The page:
Metrics for Nanotechnology's Development Are Just Pieces of the Puzzle

The Chinese Academy of Sciences' casting doubt on the value of Chinese research papers throws into question that metric for nanotechnology's development

2 min read
Metrics for Nanotechnology's Development Are Just Pieces of the Puzzle

I am the type who can easily fall prey to “told-you-so” syndrome. Today is just such an instance.

Last month, I covered research that seemed to indicate that because China was producing so many research papers, they had a kind of lead in nanotech research.

At the time, I cautioned that just because Chinese researchers were publishing lots of research did not necessarily mean much if the research was not being cited by other researchers. I said, “I think it is altogether possible that papers published in journals outside of the top publications might rack up a lot query hits but mean little in terms of actual scientific impact.”

Bingo. I expected sooner or later some kind of evidence or other form of research would validate my point, but I didn’t expect it to come from the Chinese Academy of Sciences (CAS).

According to the CAS article, a “publication bubble” in China is threatening to derail the country’s scientific advances. China has experienced a 14 percent increase in scientific publications from 2005 to 2009. Impressive, but as the article points out:

“But these impressive numbers mask an uncomfortable fact: most of these papers are of low quality or have little impact. Citation per article (CPA) measures the quality and impact of papers. China's CPA is 1.47, the lowest figure among the top 20 publishing countries, according to Elsevier's Scopus citation database.”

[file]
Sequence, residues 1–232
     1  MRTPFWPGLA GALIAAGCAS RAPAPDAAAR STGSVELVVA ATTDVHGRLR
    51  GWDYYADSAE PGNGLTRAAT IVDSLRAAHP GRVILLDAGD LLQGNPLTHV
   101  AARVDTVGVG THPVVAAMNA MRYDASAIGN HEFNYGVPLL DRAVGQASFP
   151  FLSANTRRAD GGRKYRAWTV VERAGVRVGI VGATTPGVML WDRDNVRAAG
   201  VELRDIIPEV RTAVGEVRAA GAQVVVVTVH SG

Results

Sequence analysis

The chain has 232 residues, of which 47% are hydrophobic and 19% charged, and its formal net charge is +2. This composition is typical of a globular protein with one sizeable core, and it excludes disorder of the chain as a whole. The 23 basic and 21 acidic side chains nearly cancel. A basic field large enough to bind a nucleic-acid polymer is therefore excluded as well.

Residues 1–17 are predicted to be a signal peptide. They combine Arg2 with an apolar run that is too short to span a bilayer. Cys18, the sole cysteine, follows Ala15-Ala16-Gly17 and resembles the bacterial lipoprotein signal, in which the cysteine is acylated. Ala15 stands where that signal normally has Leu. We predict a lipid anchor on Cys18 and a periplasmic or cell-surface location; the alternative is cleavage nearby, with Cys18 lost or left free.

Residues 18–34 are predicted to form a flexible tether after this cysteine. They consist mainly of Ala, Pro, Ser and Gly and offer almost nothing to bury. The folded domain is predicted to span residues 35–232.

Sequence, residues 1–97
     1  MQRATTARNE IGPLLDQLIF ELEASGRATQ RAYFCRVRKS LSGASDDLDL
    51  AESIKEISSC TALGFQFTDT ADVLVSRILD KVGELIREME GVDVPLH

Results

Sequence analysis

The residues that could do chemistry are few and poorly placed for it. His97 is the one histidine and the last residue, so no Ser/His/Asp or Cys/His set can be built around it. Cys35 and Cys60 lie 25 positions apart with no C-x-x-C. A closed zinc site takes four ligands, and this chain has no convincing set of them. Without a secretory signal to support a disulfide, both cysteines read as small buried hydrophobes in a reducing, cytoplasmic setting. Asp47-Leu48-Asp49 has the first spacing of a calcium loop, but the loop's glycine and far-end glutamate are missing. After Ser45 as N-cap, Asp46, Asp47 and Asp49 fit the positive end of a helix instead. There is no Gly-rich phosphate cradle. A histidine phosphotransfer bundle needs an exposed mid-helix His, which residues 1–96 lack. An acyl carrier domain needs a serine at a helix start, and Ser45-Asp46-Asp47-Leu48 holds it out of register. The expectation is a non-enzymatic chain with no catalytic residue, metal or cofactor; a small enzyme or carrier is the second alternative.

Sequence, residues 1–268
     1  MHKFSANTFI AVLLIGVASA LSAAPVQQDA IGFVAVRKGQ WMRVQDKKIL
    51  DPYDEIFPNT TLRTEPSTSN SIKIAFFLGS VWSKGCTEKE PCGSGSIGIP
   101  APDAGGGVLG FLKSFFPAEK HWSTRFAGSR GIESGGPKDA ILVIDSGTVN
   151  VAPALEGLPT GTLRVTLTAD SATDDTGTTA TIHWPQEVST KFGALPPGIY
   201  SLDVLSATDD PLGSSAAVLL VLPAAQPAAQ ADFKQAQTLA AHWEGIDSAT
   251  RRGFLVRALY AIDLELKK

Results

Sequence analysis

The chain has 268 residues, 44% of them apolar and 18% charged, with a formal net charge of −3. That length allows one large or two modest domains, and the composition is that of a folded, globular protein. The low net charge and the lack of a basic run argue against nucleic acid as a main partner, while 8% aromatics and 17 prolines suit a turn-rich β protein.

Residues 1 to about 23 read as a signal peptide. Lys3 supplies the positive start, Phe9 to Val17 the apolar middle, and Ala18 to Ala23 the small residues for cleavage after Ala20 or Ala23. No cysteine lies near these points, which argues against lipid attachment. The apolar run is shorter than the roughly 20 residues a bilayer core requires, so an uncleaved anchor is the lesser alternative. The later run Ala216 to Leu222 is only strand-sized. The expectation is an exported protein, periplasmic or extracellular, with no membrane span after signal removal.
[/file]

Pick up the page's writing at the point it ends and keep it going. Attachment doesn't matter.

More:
To me it’s all a bit of unnecessary worry either way. Whatever metric you want to choose—number of patents, research papers, government investment, etc.—it’s only going to give you part of the picture, a piece of the puzzle, if you will.

It really comes down to how you can put the puzzle together for anyone to make sense of it all. Ultimately, it is a qualitative question, not a quantitative one, as I’ve said before. But people's instinct is to trust a number rather than an expert opinion, often for good reason. Until that changes, we'll continue to see a steady stream of numbers for quantifying the development of nanotech.

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3D-Stacked CMOS Takes Moore’s Law to New Heights

When transistors can’t get any smaller, the only direction is up

10 min read
An image of stacked squares with yellow flat bars through them.
Emily Cooper

Perhaps the most far-reaching technological achievement over the last 50 years has been the steady march toward ever smaller transistors, fitting them more tightly together, and reducing their power consumption. And yet, ever since the two of us started our careers at Intel more than 20 years ago, we’ve been hearing the alarms that the descent into the infinitesimal was about to end. Yet year after year, brilliant new innovations continue to propel the semiconductor industry further.

Along this journey, we engineers had to change the transistor’s architecture as we continued to scale down area and power consumption while boosting performance. The “planar” transistor designs that took us through the last half of the 20th century gave way to 3D fin-shaped devices by the first half of the 2010s. Now, these too have an end date in sight, with a new gate-all-around (GAA) structure rolling into production soon. But we have to look even further ahead because our ability to scale down even this new transistor architecture, which we call RibbonFET, has its limits.

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